Straumsnutane January 10th - 12th

With a few days of good weather the team had a very productive time at one of our most northerly field sites, Straumsnutane.


This site is on the west side of an ice stream (a “river” of much faster flowing ice that drains ice from this part of the ice sheet), and so we want to see how the ice sheet level has changed in this dynamic area. The picture shows the ice stream from the air – the cracks are crevasses that open up because of tension (pulling apart) in the ice as it moves, and the second picture shows the same icestream from the ground. .


View of ice stream from land provided by Jon Harbor.

View of ice stream from the air provided by Jon Harbor.


We drove out from the research station with our snowmobiles, sleds, and living modules, and set up camp near a set of potential field sites that we had identified from remote sensing images, geologic mapping, and accounts from other geologists who had visited the area previously. On arriving at our camp site, Sarah sets up the GPS base station and we organize the living modules and tents, one tent is our meeting room, and the other is the a bathroom.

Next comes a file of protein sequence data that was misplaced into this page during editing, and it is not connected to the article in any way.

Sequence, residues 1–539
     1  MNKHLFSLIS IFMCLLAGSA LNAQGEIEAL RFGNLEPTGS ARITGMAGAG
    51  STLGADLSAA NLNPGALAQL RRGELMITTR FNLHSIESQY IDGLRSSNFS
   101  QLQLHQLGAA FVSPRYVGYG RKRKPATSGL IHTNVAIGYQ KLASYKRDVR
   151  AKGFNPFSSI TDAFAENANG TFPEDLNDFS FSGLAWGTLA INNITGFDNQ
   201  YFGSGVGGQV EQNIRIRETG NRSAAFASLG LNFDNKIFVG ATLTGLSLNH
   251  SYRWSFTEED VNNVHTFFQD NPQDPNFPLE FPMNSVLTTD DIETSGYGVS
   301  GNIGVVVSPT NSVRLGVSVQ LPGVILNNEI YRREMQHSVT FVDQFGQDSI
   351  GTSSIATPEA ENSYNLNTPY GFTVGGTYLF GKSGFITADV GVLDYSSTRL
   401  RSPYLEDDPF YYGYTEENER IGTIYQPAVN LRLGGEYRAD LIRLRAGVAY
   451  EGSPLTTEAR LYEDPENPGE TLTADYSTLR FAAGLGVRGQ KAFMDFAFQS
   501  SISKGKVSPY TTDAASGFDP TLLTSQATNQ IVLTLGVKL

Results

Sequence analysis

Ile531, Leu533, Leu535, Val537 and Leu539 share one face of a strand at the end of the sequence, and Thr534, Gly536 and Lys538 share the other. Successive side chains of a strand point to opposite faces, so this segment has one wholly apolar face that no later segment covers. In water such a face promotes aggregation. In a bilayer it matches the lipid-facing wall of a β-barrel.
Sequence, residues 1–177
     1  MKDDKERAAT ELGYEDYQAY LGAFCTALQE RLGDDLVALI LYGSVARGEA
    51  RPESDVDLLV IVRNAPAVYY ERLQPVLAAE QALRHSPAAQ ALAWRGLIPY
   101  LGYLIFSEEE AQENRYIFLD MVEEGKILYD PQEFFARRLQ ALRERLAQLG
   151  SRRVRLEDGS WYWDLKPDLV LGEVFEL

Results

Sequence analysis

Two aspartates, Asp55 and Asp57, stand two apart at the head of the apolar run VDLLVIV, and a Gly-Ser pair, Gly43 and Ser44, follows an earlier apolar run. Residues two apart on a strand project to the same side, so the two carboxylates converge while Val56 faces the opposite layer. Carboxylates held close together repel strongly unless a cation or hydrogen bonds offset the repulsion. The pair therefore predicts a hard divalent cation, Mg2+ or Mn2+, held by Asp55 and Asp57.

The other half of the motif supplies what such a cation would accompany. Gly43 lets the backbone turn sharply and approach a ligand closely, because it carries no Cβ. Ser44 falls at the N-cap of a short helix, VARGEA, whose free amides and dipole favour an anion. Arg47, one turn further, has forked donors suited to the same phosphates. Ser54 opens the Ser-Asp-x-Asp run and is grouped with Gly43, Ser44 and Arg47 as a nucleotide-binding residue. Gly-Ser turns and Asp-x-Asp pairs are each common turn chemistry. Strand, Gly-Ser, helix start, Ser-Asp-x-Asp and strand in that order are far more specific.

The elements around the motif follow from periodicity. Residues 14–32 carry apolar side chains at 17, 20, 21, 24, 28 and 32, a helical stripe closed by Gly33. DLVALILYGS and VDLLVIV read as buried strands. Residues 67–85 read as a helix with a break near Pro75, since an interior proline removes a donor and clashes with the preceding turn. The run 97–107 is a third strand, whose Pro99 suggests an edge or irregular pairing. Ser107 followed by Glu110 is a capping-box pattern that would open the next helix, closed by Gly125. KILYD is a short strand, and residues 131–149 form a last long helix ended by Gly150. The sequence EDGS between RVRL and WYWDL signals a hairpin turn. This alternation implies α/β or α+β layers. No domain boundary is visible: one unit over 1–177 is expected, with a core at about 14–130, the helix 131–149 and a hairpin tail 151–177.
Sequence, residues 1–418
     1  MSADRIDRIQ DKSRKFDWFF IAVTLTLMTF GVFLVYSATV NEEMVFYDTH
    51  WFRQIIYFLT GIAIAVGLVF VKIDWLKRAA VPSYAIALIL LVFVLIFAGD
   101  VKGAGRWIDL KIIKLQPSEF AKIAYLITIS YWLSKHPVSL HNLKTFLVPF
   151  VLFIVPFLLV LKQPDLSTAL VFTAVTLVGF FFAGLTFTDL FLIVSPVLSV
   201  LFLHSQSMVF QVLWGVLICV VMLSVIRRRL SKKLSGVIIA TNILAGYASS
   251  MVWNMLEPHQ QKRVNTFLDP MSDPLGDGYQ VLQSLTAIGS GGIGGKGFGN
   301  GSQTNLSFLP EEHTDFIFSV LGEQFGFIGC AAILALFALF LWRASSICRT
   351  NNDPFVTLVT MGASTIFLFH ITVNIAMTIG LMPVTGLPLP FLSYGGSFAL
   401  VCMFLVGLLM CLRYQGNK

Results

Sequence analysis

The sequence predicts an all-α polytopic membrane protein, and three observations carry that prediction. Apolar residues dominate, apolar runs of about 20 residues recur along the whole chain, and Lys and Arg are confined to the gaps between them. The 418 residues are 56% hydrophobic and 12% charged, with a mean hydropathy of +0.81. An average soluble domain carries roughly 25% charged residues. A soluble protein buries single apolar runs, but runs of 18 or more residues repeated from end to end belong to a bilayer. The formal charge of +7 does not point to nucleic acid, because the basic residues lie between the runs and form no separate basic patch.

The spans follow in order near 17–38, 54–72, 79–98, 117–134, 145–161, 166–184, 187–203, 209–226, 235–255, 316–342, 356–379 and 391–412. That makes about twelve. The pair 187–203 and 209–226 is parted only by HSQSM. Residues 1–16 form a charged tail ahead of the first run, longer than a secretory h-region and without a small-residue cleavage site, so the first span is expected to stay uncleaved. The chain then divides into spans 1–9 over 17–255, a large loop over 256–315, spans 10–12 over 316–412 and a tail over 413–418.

Sarah setting up GPS station, provided by Jon Harbor.
















One tent is a meeting room and the other one is the bathroom, provided by Jon Harbor.


We then set off for the field area. Much of our time is spent walking along ridges of rock that stick up from the ice, looking for evidence of past times when the ice was thicker and flowed over the ridge. We use a hand lens (a small magnifying glass) to check the rock carefully to see if it has the right minerals in it for the laboratory analyses we want to do on rock samples and take lots of notes and measurements for each sample site. We are really happy when we find a large piece of quartz-rich material in the rock, as this makes for the very best samples!


Off to sample! Provided by Jon Harbor.











Prominent striations (left), walking along ridge (right), provided by Jon.


Always note taking! Can't miss a single observation! Provided by Jon Harbor.


Quartz-rich material! Amen! Provided by Jon Harbor.


At Straumsnutane we ended up with ten good sample sites for the west side of the ice stream. And in the following days the team visited another nunatak on the eastern side of the same ice stream and found another six good samples sites. We are excited to see what the results will be after all of the analyses are finished later this year.


#FieldWork #RemoteSensing #Nunatak

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